Bone morphogenetic proteins and bFGF exert opposing regulatory effects on PTHrP expression and inorganic pyrophosphate elaboration in immortalized murine endochondral hypertrophic chondrocytes (MCT cells)

R A Terkeltaub, K Johnson, D Rohnow, R Goomer, D Burton, L J Deftos
Journal of Bone and Mineral Research 1998, 13 (6): 931-41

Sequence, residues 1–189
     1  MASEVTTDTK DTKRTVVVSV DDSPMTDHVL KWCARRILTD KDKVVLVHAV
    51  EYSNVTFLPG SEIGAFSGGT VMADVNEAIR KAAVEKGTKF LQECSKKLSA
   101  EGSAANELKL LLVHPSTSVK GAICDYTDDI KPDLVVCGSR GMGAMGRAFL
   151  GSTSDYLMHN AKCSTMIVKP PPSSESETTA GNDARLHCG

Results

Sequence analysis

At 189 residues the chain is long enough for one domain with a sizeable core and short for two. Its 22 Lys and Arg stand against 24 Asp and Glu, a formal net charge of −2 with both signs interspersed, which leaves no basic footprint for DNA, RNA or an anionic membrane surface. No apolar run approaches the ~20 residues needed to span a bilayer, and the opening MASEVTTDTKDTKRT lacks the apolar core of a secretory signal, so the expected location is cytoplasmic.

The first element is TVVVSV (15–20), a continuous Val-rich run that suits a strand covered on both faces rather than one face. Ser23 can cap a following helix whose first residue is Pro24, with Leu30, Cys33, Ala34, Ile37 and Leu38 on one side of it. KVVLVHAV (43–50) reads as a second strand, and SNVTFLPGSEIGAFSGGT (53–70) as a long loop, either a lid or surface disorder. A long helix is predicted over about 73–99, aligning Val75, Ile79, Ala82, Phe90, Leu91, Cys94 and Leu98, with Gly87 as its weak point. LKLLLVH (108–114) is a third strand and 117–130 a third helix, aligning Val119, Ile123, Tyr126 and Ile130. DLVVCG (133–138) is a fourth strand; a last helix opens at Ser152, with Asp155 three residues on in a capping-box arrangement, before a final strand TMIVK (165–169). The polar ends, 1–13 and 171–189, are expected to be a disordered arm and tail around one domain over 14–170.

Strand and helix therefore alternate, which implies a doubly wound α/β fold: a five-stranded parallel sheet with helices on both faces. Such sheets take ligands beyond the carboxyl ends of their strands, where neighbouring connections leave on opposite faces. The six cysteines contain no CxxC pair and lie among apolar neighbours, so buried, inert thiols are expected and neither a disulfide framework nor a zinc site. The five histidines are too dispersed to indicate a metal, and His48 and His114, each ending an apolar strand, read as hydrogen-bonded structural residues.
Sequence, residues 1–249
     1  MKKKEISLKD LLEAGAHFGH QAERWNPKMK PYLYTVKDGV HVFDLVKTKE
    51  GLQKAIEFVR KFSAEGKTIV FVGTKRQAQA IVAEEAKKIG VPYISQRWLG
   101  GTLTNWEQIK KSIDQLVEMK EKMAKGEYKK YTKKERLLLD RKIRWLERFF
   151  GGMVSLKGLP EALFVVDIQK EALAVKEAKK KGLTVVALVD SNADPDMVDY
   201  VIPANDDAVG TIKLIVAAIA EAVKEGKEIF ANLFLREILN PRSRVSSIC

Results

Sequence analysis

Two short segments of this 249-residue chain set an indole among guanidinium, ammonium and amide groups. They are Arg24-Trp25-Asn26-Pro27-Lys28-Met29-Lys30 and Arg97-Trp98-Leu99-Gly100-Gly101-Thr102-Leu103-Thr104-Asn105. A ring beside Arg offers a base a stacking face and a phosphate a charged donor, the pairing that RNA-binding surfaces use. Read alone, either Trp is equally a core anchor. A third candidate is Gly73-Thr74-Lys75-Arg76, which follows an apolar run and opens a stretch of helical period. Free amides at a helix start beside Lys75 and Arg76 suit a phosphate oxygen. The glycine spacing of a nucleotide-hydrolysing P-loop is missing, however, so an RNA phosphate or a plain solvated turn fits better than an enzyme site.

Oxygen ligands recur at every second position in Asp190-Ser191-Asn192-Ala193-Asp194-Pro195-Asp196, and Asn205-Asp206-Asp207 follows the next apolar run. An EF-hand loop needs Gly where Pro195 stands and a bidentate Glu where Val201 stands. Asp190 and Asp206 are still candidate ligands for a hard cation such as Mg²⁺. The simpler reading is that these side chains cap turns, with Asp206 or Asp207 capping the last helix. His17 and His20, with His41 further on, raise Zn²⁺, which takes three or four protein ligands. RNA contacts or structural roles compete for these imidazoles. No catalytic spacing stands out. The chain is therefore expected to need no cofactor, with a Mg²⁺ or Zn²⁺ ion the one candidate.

A fundamental question in endochondral development is why the expression of parathyroid hormone-related protein (PTHrP), which inhibits chondrocyte maturation and mineralization, becomes attenuated at the stage of chondrocyte hypertrophy. To address this question, we used clonal, phenotypically stable SV40-immortalized murine endochondral chondrocytes that express a growth-arrested hypertrophic phenotype in culture (MCT cells). Addition of individual cytokines to the medium of MCT cells revealed that bone morphogenetic protein (BMP)-6, which commits chondrocytes to hypertrophy, markedly inhibited PTHrP production. This activity was shared by three other osteogenic bone morphogenetic proteins (BMP-2, BMP-4, and BMP-7) and by transforming growth factor beta (TGF-beta), which all inhibited the level of PTHrP mRNA. In contrast, basic fibroblast growth factor (bFGF), an inhibitor of chondrocyte maturation to hypertrophy, induced PTHrP in MCT cells and antagonized the effects of BMP-2, BMP-4, BMP-6, and BMP-7 and TGF-beta on PTHrP expression. Opposing effects of bFGF and BMPs also were exerted on the elaboration of inorganic pyrophosphatase (PPi), which regulates the ability of hypertrophic chondrocytes to mineralize the matrix. Specifically, BMP-2 and BMP-4, but not BMP-6 and BMP-7, shared the ability of TGF-beta to induce PPi release, and this activity was inhibited by bFGF in MCT cells. Our results suggest that effects on PTHrP expression could contribute to the ability of BMP-6 to promote chondrocyte maturation. BMPs and bFGF exert opposing effects on more than one function in immortalized hypertrophic chondrocytes. Thus, the normal decrease in bFGF responsiveness that accompanies chondrocyte hypertrophy may function in part by removing the potential for bFGF to induce PTHrP expression and to oppose the effects of BMPs. MCT cells may be useful in further understanding the mechanisms regulating the differentiation and function of hypertrophic chondrocytes.

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